It increased its share of the category by a third (Kantar, year to February 2015) and took most of its new shoppers from Tesco.
Its strong performance in beer follows news that it increased it is winning the wine wars by increasing value sales of wine by 24% in the same period (Kantar).
Aldi has won shoppers over in wine by implementing a small but focused range and pushing into premium tiers, and a similar strategy is working in beer.
It is also beating the grocers on price, selling bottles of Newcastle brown ale for £1.24. It costs £1.64 at Tesco and Waitrose and £1.65 at Morrisons. At the budget end that Aldi built its reputation, the discounter is also selling 50cl bottles of Banks bitter at 90p.
It has stolen shoppers from all rival retailers in the past year.
Its performance stands in stark contrast to Lidl, which was the biggest loser in PBAs in the past year, shedding 7.9% of its market share.
The PBA category is in good health, growing £48 million in the past year to £490 million (IRI and BBPA) and leaving retailers fighting to carve out a greater share of a growing market.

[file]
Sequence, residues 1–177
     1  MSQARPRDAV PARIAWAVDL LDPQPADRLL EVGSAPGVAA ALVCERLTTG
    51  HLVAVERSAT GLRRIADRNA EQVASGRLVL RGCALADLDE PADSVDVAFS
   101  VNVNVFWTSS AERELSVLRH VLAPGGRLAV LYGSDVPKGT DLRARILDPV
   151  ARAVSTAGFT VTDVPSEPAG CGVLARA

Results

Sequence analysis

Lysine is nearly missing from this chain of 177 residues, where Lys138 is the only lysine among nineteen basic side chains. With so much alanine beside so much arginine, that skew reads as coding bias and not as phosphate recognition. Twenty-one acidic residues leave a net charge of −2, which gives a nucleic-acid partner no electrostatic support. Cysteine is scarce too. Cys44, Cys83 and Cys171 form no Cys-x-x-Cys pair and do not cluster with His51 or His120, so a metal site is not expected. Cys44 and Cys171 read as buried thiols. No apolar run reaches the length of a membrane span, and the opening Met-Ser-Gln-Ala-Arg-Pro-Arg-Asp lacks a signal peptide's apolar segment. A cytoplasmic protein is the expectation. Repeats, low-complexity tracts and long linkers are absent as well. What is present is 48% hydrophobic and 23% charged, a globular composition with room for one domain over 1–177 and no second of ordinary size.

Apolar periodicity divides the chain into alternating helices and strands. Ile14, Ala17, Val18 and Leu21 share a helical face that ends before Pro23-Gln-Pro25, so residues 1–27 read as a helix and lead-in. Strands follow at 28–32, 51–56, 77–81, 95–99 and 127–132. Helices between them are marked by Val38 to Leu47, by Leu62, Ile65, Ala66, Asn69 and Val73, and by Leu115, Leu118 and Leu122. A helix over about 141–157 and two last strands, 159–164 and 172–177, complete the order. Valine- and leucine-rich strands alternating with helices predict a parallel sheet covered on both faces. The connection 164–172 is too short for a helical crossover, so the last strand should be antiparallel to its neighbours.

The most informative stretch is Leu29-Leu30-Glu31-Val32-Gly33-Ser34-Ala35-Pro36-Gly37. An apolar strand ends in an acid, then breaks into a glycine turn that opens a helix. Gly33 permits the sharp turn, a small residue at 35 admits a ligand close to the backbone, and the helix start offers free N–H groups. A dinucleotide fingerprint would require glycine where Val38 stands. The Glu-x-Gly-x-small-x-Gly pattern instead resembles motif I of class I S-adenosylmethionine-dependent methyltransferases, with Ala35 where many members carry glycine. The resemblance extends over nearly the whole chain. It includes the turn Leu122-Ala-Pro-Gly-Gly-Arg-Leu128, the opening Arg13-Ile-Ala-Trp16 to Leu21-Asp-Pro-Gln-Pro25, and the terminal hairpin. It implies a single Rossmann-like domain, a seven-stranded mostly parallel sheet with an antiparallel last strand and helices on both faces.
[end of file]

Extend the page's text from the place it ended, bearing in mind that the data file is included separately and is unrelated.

At the other end of the market Waitrose put in a star performance, enjoying a double-digit market share increase, while Tesco remains by far the biggest player.
It accounts for a quarter of the market after growing its share by 1.8% over the past year, having managed to convince Morrisons shoppers to switch to Tesco.
Morrisons’ share of the market dripped 1.4%, losing most of its shoppers to Aldi, but also to Tesco and Asda.
Sainsbury’s had a strong year, growing share by 7% to cement its position as number two in the PBA market, followed by Asda, which grew share by 1.5%.
Paul Warren, senior category manager at Marston’s, said: “UK beer sales in the off-trade overtook the on-trade for the first time this year and PBAs have maintained their position within beer and cider as the fastest growing category.
“The category is continuing to attract new shoppers and it is important to execute appropriate merchandising and promotions while keeping up to date with current beer style trends to engage and excite these consumers.”
The brewer, which recently added Blackburn’s Thwaites to its portfolio, is the number one PBA supplier, having grown value sales by 8% in the past year (IRI, year to February 2015).
It is followed by Greene King, Hall & Woodhouse, Shepherd Neame, Fuller’s, Heineken and then Molson Coors.
Molson Coors has increased its share of the PBA market by 179% thanks to the strong performance of its Cornish brewery Sharp’s.
The only brewer in the top 10 to suffer a value sales decline was Charles Wells, down 4%.